Supporting communities  |  13 Jan 2020

Christchurch and Banks Peninsula residents are being asked to help shape a decision on the best option for managing home-share accommodation in our district. Councillor Mike Davidson outlines why people should join the conversation.

The growth of online booking platforms like Airbnb and Bookabach has changed the way we holiday.

When I was growing up, people going on holiday tended to stay in motels, campgrounds or family baches.

These days, people going on holiday are increasingly choosing to stay in home-share accommodation where they can live like a local.

Councillor Mike Davidson is Chair of the Council's Urban Development and Transport Committee.

While the short-term letting of spare rooms or empty houses over holiday periods is not new, the scale of the activity has skyrocketed in recent years.

Online booking platforms have made it easy for people to rent out spare rooms or whole houses to out-of-town visitors on a casual basis. There are now dozens of websites offering accommodation in private homes in Christchurch and Banks Peninsula.

In the past 12 months alone, there were more than 4200 listings on the Airbnb and Bookabach websites for home-share accommodation in the Christchurch district.

About half of those listings were for whole residential units.

It is becoming increasingly common for residential units to be bought to be used as full-time guest accommodation.  In some cases, newly built residential units, particularly in central Christchurch, are being marketed to investors for this purpose.

Current rules

Under the current District Plan rules, property owners in most residential zones are only permitted to rent out entire properties as accommodation if they have a resource consent.

In rural zones, whole properties can only be rented out without resource consent if they are part of a farm stay or associated with a rural tourism activity.

However, the District Plan rules are frequently flouted and difficult to police because there is no register of home-share accommodation providers.

What happens elsewhere?

A number of cities internationally, and in New Zealand, have introduced or are looking at introducing new regulations to more effectively manage the growth of home-share accommodation.

A common approach is to require some form of registration.

Another common approach is to limit the number of days that whole units can be booked.

New York bans all bookings less than 30 days long. Barcelona caps the number of home-share accommodation licences issued and is currently not issuing any new ones.

Some cities have restrictions on the location of listings or the type of units that can be listed.

Christchurch City Council, like many other Councils around New Zealand, is looking at how it can manage home-share accommodation more effectively.

Soon you’ll be invited to give initial feedback on a range of options we’re exploring through the District Plan.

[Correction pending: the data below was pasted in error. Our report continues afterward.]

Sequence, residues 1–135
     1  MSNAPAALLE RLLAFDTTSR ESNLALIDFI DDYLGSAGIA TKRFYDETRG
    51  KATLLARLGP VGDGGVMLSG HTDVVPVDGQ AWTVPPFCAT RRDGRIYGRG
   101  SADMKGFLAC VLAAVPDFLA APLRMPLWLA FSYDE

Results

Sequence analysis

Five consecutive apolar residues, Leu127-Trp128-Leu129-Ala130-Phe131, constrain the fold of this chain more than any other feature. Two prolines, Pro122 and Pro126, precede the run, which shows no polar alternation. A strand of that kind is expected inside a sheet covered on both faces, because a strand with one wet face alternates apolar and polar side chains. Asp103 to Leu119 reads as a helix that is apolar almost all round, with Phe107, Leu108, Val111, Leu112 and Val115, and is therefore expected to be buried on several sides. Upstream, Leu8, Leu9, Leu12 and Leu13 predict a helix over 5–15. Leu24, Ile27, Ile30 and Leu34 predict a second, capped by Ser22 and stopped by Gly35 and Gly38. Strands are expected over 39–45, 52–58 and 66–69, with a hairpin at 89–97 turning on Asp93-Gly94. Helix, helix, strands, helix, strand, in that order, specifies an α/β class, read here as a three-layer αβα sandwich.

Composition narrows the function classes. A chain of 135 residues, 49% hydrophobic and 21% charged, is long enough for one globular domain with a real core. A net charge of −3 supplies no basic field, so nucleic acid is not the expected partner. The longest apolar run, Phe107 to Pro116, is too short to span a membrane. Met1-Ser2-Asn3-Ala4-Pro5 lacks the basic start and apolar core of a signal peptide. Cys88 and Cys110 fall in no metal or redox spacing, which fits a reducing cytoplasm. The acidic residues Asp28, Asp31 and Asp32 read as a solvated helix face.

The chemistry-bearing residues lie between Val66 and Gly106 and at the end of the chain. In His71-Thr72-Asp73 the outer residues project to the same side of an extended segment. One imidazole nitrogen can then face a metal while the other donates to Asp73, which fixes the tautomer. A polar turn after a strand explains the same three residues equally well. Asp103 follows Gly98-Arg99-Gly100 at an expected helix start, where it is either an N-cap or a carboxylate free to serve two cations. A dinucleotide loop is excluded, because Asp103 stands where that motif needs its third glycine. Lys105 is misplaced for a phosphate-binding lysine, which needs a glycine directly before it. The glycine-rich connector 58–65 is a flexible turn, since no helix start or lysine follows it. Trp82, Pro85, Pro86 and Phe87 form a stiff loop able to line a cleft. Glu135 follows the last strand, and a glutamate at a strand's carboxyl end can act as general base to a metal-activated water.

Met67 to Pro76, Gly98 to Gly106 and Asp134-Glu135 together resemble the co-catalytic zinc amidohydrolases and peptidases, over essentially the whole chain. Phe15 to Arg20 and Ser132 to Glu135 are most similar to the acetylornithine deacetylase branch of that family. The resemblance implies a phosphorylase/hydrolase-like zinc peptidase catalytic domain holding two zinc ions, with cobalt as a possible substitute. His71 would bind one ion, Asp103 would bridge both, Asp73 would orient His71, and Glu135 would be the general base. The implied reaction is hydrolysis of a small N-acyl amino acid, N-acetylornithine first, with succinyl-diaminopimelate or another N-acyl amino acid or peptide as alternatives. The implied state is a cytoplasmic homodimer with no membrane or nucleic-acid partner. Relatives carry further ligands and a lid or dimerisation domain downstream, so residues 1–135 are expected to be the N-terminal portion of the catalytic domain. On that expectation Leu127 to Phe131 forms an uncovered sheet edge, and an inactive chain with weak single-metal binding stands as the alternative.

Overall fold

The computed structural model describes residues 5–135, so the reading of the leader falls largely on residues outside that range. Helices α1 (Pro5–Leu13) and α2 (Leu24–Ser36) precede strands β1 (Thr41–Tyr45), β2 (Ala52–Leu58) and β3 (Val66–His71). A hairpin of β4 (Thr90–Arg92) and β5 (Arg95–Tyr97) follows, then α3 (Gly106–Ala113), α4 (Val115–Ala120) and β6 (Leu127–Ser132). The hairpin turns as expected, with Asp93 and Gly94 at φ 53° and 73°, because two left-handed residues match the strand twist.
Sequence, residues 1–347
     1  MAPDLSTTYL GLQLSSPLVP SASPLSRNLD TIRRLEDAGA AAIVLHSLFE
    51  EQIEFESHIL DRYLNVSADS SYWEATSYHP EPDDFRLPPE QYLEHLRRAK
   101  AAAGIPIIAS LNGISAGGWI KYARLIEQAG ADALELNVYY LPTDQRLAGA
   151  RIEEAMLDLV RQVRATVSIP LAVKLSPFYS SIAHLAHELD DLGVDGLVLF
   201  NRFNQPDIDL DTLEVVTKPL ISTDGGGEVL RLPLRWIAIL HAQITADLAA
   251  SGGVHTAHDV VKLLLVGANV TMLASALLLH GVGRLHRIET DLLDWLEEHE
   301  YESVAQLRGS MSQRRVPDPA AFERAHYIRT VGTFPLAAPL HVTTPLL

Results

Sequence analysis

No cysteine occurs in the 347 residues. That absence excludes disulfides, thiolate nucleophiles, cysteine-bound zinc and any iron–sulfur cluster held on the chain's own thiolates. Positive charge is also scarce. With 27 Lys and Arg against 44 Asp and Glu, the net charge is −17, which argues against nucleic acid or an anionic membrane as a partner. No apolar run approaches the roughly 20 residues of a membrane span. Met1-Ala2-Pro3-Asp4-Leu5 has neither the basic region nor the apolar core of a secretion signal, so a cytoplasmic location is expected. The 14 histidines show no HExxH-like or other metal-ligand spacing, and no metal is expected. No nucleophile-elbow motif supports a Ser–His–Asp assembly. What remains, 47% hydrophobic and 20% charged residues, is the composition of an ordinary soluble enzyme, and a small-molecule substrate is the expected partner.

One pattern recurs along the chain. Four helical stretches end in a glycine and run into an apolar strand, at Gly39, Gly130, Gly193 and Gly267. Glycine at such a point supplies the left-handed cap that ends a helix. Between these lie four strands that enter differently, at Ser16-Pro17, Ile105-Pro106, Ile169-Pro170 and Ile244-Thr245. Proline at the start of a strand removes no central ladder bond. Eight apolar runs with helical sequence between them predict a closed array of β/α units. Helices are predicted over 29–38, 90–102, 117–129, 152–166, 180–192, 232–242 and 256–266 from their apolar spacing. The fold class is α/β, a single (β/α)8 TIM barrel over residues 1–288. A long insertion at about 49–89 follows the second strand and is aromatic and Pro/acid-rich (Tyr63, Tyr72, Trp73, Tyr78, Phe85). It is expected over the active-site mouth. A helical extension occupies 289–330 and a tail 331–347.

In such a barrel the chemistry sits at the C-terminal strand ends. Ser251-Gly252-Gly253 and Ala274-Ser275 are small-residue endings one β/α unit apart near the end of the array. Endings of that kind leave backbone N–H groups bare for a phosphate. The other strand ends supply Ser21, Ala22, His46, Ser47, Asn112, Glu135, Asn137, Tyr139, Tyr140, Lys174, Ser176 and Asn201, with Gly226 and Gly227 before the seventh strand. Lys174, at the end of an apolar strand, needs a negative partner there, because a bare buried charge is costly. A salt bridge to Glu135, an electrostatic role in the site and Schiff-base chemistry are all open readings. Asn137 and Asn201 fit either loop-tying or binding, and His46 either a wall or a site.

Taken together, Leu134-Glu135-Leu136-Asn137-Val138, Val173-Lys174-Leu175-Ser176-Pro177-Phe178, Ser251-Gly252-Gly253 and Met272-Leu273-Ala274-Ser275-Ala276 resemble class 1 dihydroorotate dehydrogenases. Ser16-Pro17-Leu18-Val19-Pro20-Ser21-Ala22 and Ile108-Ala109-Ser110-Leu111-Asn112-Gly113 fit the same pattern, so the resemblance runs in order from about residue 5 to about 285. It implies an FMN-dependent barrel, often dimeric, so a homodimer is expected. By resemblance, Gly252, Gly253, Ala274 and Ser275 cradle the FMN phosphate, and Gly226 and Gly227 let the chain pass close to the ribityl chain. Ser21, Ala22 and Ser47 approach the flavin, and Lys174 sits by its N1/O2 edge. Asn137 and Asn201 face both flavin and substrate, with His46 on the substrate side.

The reason we are considering making changes is that there are costs and benefits associated with the growth in home-share accommodation.

Costs and benefits

On the plus side, visitors staying in home-share accommodation bring money into local communities, support local shops and may help to create hospitality jobs.

Data from AirDNA suggests that home-share accommodation hosts in Christchurch earned $50 million in the year up to August 2019.

Home-share accommodation provides people with an opportunity to supplement their income and potentially makes home ownership more affordable for those who might otherwise struggle to pay a mortgage.

However, on the flip side, it may also be inflating house prices and rents in some areas.

There are concerns too that longer-term and larger-scale use of residential units for guest accommodation may result in a loss of amenity for neighbours beyond what could be expected from long-term tenants and owner-occupants.

Having a constant stream of out-of-town visitors living next door to you can be disruptive. While problems such as excessive noise, litter and competition for parking can also arise with long-term neighbours, they are more likely to occur and are more difficult to resolve where the occupants are transient, and the units are let frequently.

Impact on community ties

In residential neighbourhoods where there is a relatively high proportion of guest accommodation units, neighbours may not have an opportunity to get to know each other, and as a consequence we may see a reduction in that close community ties that we often rely on in times of adversity, such as after the Canterbury earthquakes.

Residents’ feeling of safety may also be diminished when higher density, large scale or more frequent home-share accommodation activities brings a higher proportion of strangers into their neighbourhood.

The commercial accommodation sector has also raised concerns with us about the disparity in the way they and the home-share accommodation sectors are treated. They believe the home-share accommodation sector has a significant competitive advantage with respect to compliance costs and rules.

Our challenge is to come up with ways we can maximise the benefits of the home-share accommodation sector while continuing to manage any potential negative effects.

Have your say

We want you to be part of the conversation, to share your ideas, thoughts and experiences.

On Thursday, 16 January we will begin an initial round of public engagement on five options we are exploring for managing the home-share accommodation sector.

You will find all the details on Have Your Say.  Please take the time to give your feedback.